My son needs help, and this time it is a challenge on the body and mind realm, much more complex and sensitive.

I have been reading about Sensory Processing disorder, as I did with autism and with Einstein syndrome and the idea of just waiting.

I think my son has problems and I am determined to help him out. This is what I have so far, regarless of diagnosis:

Vocabulary: He is 3 1/2 and he "only has 25 words. He is gaining more and more every week, enhancing vocabulary needs to be part of his daily efforts. This is a point where the psychologist doesn't agree with me. She says he needs ABA to resolve sensory issues.  He is gaining vocabulary and showing an interest on talking. He knows the meaning of the words he says, I am sure!

Pronunciation: He says on, two, Pee instead of one two three. He says bole-pa-eeh instead of butterfly. He has not say the F, so he says ish instead of Fish. He has made all the sounds under the sun, he will improve as he "talks more"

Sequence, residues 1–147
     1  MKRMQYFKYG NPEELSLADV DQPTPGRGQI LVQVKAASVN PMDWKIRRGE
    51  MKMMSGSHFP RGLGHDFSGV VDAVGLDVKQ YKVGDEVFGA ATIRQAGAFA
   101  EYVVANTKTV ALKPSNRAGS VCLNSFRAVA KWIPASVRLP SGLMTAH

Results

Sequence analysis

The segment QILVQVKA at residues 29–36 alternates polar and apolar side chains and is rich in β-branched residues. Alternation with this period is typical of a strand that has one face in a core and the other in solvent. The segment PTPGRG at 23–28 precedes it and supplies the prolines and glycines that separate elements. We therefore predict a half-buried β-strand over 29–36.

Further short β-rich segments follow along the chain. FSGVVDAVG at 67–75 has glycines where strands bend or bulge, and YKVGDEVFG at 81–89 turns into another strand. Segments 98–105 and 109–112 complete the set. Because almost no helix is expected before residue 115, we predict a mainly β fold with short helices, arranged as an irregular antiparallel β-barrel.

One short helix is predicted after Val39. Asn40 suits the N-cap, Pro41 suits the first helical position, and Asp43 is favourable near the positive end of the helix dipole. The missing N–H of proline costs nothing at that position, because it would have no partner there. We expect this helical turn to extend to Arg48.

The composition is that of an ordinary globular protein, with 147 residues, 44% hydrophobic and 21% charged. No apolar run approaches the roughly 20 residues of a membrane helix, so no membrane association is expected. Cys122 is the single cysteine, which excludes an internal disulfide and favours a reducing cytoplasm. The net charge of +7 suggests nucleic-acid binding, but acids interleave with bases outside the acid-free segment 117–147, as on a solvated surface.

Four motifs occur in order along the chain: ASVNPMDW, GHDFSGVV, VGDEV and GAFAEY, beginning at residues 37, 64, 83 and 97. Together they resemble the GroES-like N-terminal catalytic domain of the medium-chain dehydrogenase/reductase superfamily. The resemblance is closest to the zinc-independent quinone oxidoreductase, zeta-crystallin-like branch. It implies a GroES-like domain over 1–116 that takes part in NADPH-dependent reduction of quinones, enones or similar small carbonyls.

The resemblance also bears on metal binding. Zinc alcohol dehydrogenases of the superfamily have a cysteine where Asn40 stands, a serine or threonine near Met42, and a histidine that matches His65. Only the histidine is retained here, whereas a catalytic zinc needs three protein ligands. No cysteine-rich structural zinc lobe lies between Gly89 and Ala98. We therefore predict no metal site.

He does not follow directions: well, without vocabulary it is kinda tough... He knows "garbage" although he has never say the word, if you give him something and say garbage, he knows what to do, he does it, and shows a face of pride once done. He follows instructions by pointing if the task is obvious

He does not play properly with toys jumping from touching one to flying the other. Ok, I have allowed this, I didn't know that was not "appropriate playing" so now, he will have some tantrums, but he will learn to play with a toy "completely" AND pick up when done! The psychologist did give me a good tip on this, to film my hands playing with a toy completely and show him later on the TV, he learn very well from DVDs (just like mommy)

He stares to toys or his hands on an angle. Ok,she got me here, I thought it was part of imaginative play, she said that is not appropriate. Not sure how to help with this, need to research.

He doesn't manage well separation from me and randomly rebel against change of activity. Need to research how to do this

He doesn't play wall with others, prefers to play alone. Coincidentally or not, he is more social since his dad and I started working with him on vocabulary and shapes and he has been watching more early childhood DVDs (instead of just handy many and mickey) At school they tell us he is starting to participate more and more. He is starting to acknowledge the presence of other kids and he even greet a smaller boy the other day saying "Hi baby"